The excerpt is:

American liberals have long complained that ours is the only advanced industrial country without universal health care. Well, now we shall have it. And as we approach European levels of entitlements, we will need European levels of taxation.

I have a few issues with this and the first is: it’s not accurate. This is a typical trick of right-wing commentators who try to indicate that universal health care comes in one flavor; the flavor provided by the likes of England and Canada. This is just not true. Go ask Germany and Japan.

Second, What is wrong with making sure that everyone has access to health care? As a nation we don’t charge for basic education or public safeties like fire protection or the law enforcement. Why do we not provide for people to be healthy? What does that say about us as a nation?

Third, why do these ideas have to live in a reality distortion field where neither side will talk honestly and openly about it? I understand that this is not an issue specific to health care but I feel like this is something important for our country. When people are allowed to die and/or go broke because they can’t afford to stay healthy is akin to allowing someone’s house to burn down because they can’t afford to pay the firefighters or allow a child to not learn to read because they can’t afford to pay to go to school.

Morally it is just wrong and now that the law has passed Krautie sounds like one of my kids who didn’t get their way and has decided to mouth off while he’s pouting.

Potpourri

April 1, 2010

I haven’t posted in a while, mainly because I haven’t felt too inspired to write anything so here are a few random items: things that would be classified as “Potpourri” on Jeopardy.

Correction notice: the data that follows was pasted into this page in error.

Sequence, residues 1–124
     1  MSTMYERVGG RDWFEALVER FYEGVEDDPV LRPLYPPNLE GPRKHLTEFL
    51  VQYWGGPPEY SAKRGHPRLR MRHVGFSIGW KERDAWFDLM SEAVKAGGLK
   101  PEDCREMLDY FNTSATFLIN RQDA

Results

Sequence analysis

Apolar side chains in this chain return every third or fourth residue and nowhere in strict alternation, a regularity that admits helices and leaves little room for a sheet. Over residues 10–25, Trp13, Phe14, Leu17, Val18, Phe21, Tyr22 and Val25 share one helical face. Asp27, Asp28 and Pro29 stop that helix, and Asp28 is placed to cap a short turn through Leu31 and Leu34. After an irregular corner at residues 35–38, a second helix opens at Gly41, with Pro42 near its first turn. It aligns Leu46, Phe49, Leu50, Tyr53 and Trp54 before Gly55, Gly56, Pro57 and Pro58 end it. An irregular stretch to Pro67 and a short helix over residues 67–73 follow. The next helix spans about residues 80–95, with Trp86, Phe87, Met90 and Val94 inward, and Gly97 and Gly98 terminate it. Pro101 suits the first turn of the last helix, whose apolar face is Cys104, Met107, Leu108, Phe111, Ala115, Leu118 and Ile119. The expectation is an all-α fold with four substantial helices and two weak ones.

1. I finally heard back from The Consumerist “moderator” who referred to my remarks as “nasty and mocking”. I thought I was restrained with what I could have said and often do say to people in real life. This only confirms that they are as smug as they look in the “The Consumerist Team” section (except “Roz” who is the “moderator” and apparently broke the camera when they got to her (him?))

  2. It’s a slow day at work today so I’m reading my Time magazine (I don’t know that there will ever be a suitable electronic replacement for reading things on paper) and came across a profile of Andrew Breitbart. I just can’t imagine being this worked up all the time about anything. I pay attention and I find plenty of things I don’t like but I find ti hard to be “outraged” like the bumper stickers say that I should be. Mostly I’m bewildered but more on that later. I know that cooperation doesn’t sell and make you rich of famous but the polarizing of American needs to stop.

  3. I’m really happy that the Health Care reform and accompanying “Fix-It” bill passed. I didn’t think it would and while there are a lot of points in the bill that are good and some that are perplexing I think that Obama opened himself up to a lot of criticism by not framing the argument as a humanitarian need. I think framing this in terms of what we are allowing to happen to fellow citizens would have headed off “death panel” claims (or at least make them sound absurd the moment they were spoken). And while I’m on it, please just stop the “I didn’t get to vote on it” complaints because that’s not how our government runs. I think there are a lot of people that need to go back to High School and re-learn the government civics lessons again.